She listened to what was being told to her by the professor with one side of her brain focused on the conversation, and the other side of her brain focused on watching what the men who were across the room were doing. Three of the men were sitting in a casual circle of desks, like what kids used in middle school, only adult sized desks, and the men were talking and planning. And three more were standing alongside, also talking, with books and papers on the desks.

One guy shifted in his chair, pushing back, so that instead of looking into the circle where everyone else was looking he was facing towards her. It was like the group had come to a general consensus and he was the leader. He was a thick guy with a heavy neck but a sculpted face. He had on a short sleeved golf type shirt that was loose fitting and a pale blue color. He had ruddy skin but it was smooth and clear and freckled and his hair was reddish brown and thick and short and wavy, cropped very close by his ears almost like a military cut.

His shoulders were wide and his face was sincere. He had something in his hands and he motioned towards her with the hand that was holding something that looked like cards.

She finished listening to the professor and then walked towards the man, someone she had not seen before, because walking that way was how to get out the door to leave, and because she wanted to see what he had in his hand. When she got close, he leaned towards her, and without getting out of the desk, handed her about five or six jagged cardboard pieces.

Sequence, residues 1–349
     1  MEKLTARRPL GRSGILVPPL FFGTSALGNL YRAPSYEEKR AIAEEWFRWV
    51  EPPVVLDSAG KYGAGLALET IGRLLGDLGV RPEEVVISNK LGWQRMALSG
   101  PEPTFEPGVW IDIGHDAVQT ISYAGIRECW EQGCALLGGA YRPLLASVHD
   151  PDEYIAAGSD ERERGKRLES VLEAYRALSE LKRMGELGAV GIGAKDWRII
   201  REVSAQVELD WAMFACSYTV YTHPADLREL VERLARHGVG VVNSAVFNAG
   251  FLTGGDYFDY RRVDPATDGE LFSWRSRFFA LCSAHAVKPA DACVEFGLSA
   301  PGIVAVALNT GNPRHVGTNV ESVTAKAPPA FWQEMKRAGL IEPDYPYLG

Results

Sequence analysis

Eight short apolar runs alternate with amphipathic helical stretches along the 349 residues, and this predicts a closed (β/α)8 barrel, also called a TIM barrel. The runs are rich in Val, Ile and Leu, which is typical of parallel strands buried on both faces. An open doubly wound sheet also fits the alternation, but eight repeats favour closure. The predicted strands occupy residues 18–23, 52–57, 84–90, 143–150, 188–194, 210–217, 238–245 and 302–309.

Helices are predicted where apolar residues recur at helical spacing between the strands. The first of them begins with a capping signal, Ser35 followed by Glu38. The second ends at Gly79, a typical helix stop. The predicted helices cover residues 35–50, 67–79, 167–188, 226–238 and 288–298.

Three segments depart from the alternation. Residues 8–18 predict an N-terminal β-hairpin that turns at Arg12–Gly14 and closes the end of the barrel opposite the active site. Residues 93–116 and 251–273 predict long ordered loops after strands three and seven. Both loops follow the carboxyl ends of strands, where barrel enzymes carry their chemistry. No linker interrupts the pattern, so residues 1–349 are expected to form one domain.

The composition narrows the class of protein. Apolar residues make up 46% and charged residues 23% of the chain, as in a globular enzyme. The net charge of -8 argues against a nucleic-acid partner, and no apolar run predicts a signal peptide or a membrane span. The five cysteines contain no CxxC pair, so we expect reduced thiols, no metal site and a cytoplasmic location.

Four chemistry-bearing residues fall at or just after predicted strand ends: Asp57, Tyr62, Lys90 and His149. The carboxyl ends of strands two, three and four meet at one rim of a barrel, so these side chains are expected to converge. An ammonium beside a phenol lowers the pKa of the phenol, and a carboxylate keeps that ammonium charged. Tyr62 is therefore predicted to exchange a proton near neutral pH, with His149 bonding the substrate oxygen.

“Here Filly, he said, these coupons will help you out… there are at least five dollars here”. The “coupons” looked like they had been torn off of cereal boxes. But instead of being cut carefully with scissors, they had been ripped off…not trimmed. She did not know the value or the purpose of these cards. But, he knew her name, and he had said it the minute he opened his mouth. She took the cards into her hands and looked back at him.

She thought about the monsters screen … because one of the “monsters” suggested, could be a serial killer. Was this another sign? A get out of jail free to protect her from “cereal” Killers?

There was meaning in everything and plays on words and acronyms and separate levels of meaning everywhere… part of what she was learning in school. She could not read the coupons because they were in tiny print and they were not facing out but facing inwards. All she could see on the outside was cardboard, as well as the pleasant and friendly but respectful face of the strong red haired man. She believed that he was saying without words, that he was a friend. If she ever saw him again she would recognize him instantly. Though he was sitting, she guessed he was about five feet eleven inches tall and about 220 pounds.

Friendship, she understood, often came from those who knew her but whom she did not know, and it was one of those lovely intangibles that she had learned to recognize. It was the behavior she recognized most; behavior that did not command compromise to evil, that allowed for choice, space and distance, but that also came from a foundation of a shared moral compass, and it was indeed a gift.

She smiled and nodded. She too was respectful and appreciative. He nodded back. She did not know his name but for some reason, he was there in the school and he gave her something that had some meaning. Each time she had visited the small concrete building that housed the school, there were different people there yet he was easy to pick out in a crowd. He was memorable. She wondered why. But she was patient. And she was resolute. One day at a time.
Time to go respond to the phone call.

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Melissa Ann Howell Schier

HoustonWorkout on YouTube, mom of five, journalist and artist and conservative who values life.